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Review by Library Journal Review

Award-winning journalist Hongoltz-Hetling (A Libertarian Walks into a Bear) has written a sardonic indictment of some of the most non-traditional health care treatments in the United States. The author finds the comedy and horror in the earnest curative use of lasers, supplements, and bleach, while shedding serious light on the dangers of these quack treatments. The book also describes the uneven attempts of the FDA to monitor and control poorly tested and potentially dangerous approaches. The desperation in the face of advancing and irreversible illness lends a pathos lens to the tale of this sub-rosa curative industry. Underneath the book's broad comedy of "healers" convinced of their marvelous wares lies the more tragic story of the desperate customers misled into trusting quackery, possibly to their deaths. The book's humor is best taken with a dose of compassion and hope for the swindled. VERDICT A witty and informative examination of several alternative health-care practices in the United States that indicts both pseudo-healers and unsuccessful efforts to regulate them.--Dorian Gossy

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Review by Kirkus Book Review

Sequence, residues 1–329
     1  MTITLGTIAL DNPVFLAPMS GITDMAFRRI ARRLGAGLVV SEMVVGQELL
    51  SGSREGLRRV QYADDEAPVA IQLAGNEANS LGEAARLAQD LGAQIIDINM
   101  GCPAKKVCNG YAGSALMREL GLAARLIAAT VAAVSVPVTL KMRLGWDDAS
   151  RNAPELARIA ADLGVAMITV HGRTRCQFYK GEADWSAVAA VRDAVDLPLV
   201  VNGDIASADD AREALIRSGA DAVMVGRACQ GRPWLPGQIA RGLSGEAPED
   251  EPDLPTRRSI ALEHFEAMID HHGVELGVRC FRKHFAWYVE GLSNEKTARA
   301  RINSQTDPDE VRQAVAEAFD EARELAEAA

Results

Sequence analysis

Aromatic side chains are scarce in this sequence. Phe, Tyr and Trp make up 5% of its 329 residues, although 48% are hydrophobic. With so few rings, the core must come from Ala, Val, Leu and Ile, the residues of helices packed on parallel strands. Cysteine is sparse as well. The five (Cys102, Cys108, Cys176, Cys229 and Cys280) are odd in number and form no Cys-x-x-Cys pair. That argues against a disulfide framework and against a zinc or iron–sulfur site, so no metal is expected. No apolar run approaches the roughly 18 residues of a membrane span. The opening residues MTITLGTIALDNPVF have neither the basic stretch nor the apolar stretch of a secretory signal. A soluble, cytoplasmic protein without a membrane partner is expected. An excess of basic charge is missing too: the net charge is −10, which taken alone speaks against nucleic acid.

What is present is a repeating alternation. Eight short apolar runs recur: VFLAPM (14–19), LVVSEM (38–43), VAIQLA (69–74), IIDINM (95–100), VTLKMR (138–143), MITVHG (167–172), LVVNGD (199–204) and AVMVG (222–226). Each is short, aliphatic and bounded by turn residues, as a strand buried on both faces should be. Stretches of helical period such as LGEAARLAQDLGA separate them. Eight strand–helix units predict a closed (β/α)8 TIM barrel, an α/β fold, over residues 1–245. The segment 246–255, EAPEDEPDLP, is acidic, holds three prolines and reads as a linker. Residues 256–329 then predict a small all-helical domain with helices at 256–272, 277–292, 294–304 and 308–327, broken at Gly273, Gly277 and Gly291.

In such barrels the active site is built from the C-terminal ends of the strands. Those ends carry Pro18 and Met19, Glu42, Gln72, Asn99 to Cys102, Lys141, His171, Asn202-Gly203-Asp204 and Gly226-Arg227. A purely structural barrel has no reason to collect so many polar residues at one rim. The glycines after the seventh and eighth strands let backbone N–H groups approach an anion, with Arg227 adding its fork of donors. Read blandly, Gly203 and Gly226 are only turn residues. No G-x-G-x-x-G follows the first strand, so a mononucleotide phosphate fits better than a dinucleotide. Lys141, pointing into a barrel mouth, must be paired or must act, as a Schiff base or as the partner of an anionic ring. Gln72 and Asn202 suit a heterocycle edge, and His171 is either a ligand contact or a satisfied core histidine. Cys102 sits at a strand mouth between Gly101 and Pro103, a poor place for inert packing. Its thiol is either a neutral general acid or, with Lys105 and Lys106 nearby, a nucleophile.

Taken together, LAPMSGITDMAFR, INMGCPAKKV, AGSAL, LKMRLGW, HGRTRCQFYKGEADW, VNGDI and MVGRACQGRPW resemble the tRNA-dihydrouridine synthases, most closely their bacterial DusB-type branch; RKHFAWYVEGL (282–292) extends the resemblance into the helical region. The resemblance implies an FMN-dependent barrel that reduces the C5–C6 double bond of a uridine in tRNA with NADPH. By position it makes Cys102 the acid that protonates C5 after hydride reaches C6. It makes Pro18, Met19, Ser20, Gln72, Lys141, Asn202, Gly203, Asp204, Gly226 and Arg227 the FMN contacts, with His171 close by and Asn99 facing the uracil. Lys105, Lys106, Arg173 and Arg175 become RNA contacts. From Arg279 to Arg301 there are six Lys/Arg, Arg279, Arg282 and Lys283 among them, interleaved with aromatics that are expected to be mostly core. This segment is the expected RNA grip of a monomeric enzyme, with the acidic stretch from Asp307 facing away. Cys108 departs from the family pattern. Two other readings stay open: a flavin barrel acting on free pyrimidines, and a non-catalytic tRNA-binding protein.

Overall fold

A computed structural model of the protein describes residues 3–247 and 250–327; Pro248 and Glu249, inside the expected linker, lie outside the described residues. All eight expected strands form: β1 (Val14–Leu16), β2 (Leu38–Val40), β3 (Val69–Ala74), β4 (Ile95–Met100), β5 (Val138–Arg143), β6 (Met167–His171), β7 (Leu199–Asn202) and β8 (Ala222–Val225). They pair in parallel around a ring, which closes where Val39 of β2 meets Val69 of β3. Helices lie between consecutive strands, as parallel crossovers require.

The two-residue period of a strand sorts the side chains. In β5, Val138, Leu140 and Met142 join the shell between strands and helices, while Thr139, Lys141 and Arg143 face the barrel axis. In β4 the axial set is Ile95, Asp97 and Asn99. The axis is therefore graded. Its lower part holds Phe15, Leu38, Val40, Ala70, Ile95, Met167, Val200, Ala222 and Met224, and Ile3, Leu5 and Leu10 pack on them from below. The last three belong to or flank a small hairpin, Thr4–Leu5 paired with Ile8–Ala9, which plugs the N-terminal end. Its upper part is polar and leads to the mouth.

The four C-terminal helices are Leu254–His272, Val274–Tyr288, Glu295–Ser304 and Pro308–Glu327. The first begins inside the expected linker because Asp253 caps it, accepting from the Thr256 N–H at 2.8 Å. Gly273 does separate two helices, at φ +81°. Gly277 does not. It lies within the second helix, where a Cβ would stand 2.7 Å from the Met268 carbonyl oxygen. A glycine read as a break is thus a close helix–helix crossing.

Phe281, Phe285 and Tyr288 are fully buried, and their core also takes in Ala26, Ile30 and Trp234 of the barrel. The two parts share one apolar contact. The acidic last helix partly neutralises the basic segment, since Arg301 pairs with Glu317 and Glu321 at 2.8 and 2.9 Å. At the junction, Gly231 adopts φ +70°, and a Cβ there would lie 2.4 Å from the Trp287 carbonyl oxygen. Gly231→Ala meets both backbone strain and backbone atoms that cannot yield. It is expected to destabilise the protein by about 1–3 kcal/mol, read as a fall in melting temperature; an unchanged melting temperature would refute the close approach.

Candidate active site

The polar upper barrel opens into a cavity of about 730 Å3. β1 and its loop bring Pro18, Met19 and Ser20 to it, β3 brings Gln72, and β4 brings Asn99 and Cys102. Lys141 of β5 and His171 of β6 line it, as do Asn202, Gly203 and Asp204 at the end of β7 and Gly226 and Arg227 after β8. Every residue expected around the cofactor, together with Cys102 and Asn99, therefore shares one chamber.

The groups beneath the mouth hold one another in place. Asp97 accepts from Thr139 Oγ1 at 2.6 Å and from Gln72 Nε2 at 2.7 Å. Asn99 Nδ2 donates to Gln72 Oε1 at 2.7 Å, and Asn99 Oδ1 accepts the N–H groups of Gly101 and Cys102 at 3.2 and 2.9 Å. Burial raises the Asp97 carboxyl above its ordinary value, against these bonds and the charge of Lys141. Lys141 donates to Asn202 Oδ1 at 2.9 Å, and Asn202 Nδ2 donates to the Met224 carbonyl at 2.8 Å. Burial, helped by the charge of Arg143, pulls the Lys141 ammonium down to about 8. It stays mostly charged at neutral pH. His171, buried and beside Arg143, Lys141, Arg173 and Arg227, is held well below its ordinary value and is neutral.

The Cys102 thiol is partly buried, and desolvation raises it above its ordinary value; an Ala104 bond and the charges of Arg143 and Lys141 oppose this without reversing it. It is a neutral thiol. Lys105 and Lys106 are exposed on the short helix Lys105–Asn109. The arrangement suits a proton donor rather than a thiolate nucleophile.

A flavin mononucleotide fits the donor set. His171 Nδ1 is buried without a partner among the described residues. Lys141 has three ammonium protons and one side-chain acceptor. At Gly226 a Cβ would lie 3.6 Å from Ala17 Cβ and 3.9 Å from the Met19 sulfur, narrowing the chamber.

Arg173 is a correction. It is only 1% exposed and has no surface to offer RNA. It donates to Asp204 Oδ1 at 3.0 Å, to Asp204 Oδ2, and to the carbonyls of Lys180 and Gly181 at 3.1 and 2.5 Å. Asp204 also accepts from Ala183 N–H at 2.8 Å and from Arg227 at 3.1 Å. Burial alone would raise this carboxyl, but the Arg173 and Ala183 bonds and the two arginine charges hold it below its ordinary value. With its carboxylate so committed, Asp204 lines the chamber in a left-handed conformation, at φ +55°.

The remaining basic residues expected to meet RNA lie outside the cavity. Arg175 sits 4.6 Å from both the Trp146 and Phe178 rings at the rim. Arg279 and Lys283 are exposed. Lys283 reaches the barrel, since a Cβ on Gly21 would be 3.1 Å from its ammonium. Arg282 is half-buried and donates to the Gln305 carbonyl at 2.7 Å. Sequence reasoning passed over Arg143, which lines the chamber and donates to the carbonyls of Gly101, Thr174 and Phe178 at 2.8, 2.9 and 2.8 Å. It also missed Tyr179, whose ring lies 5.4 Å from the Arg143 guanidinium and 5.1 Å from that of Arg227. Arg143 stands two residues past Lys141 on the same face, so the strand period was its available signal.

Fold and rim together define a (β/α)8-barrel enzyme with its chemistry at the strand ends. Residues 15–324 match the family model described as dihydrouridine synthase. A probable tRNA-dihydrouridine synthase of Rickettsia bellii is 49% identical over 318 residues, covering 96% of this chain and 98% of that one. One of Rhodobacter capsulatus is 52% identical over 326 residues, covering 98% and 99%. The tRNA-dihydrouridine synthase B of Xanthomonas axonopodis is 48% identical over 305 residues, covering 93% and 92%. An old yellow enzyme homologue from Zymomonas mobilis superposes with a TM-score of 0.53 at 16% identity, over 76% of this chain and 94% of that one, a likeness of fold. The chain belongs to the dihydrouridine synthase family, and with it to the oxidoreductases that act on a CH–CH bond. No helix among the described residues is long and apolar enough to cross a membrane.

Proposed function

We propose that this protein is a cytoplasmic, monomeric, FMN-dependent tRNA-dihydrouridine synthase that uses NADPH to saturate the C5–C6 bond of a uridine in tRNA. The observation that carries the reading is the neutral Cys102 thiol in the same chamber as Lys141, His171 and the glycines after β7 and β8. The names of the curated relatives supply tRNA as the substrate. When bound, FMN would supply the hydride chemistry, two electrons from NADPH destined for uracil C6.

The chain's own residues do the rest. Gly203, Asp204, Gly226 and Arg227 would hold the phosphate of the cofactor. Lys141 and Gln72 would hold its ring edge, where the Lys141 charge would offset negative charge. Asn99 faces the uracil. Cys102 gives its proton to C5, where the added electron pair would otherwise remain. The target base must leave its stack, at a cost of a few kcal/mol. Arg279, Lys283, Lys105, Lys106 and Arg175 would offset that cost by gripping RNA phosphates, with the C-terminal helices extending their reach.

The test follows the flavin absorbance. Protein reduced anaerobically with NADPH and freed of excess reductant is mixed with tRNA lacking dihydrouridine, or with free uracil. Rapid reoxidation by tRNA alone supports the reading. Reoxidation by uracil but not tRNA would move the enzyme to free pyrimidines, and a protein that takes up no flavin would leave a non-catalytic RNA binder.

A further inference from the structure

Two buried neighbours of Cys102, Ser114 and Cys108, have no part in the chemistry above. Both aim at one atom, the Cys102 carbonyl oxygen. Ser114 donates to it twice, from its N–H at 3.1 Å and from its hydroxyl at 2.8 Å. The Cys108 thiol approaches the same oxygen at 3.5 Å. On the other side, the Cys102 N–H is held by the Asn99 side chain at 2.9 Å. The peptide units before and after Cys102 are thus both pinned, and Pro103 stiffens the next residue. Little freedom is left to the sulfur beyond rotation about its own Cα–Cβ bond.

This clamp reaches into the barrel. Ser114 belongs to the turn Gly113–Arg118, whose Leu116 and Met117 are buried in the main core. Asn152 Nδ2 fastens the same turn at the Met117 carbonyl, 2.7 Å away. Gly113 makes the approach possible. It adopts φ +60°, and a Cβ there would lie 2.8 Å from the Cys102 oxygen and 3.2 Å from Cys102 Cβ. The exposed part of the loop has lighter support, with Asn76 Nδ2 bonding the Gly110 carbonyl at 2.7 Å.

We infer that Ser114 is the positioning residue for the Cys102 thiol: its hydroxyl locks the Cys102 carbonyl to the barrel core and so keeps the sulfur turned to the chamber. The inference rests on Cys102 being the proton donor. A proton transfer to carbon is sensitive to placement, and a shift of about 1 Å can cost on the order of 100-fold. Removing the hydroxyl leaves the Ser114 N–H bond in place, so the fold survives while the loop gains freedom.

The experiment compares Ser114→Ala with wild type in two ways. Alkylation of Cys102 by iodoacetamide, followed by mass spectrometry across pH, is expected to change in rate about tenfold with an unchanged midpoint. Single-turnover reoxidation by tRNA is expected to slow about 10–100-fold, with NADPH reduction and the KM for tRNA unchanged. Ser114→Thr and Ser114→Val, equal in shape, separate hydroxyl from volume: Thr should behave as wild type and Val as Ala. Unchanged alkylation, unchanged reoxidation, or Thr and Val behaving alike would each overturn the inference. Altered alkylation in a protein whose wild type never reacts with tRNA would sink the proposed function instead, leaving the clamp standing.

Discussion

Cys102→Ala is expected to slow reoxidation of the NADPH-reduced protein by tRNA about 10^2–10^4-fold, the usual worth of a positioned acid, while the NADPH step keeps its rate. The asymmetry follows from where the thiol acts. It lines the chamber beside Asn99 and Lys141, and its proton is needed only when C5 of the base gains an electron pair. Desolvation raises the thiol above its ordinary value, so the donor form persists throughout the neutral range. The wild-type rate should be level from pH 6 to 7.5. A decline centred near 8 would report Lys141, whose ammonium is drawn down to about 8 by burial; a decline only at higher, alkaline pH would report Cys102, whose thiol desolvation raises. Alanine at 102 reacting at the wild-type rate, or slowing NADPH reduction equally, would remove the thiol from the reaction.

A wry, wide-ranging investigation into the "alternative medicine" business and the dangers it poses. In bygone days, fast-talking charlatans sold snake oil from carnival stages. These days, quirky treatments pop up in the wilder corners of the internet, but the message--this stuff will cure anything, from baldness to cancer--is essentially the same. Hongoltz-Hetling, a George Polk Award--winning journalist and author of A Libertarian Walks Into a Bear, has a rollicking good time delving into strange treatments for which there seems to be no shortage of customers. He follows the careers of several "alternative" therapists and finds a recurring pattern. They claim that all diseases and ailments have a single cause; therefore, there is a single treatment. The author calls this the One True Cure method, and it has the advantage of making everything simple and clear. Often, patients just want certainty, and the therapists are effective at citing spurious studies and cases. They also spin a convincing tale of how big pharma is actively working to keep other treatments off the market to protect their profits. These range from leeches to remove infected blood to lasers that can cure cancer (apparently, by killing the little bugs that cause tumors). Hongoltz-Hetling is not sure whether the therapists believe what they are saying or are just money-hungry hucksters. He sympathizes with the Food and Drug Administration, often overwhelmed by the flood of dubious products, although he notes that several of the therapists he interviewed ended up in jail. This is entertaining stuff, but there is a dark side. "Silliness crosses a line into toxicity if it harms the public health by convincing people to forgo medical care," Hongoltz-Hetling writes, and he provides a list of people he encountered in his research who died by opting for a fringe treatment. It is a sobering conclusion but a necessary one. A walk on the weird side with an author who knows when to be funny and when to be serious. Copyright (c) Kirkus Reviews, used with permission.

Copyright (c) Kirkus Reviews, used with permission.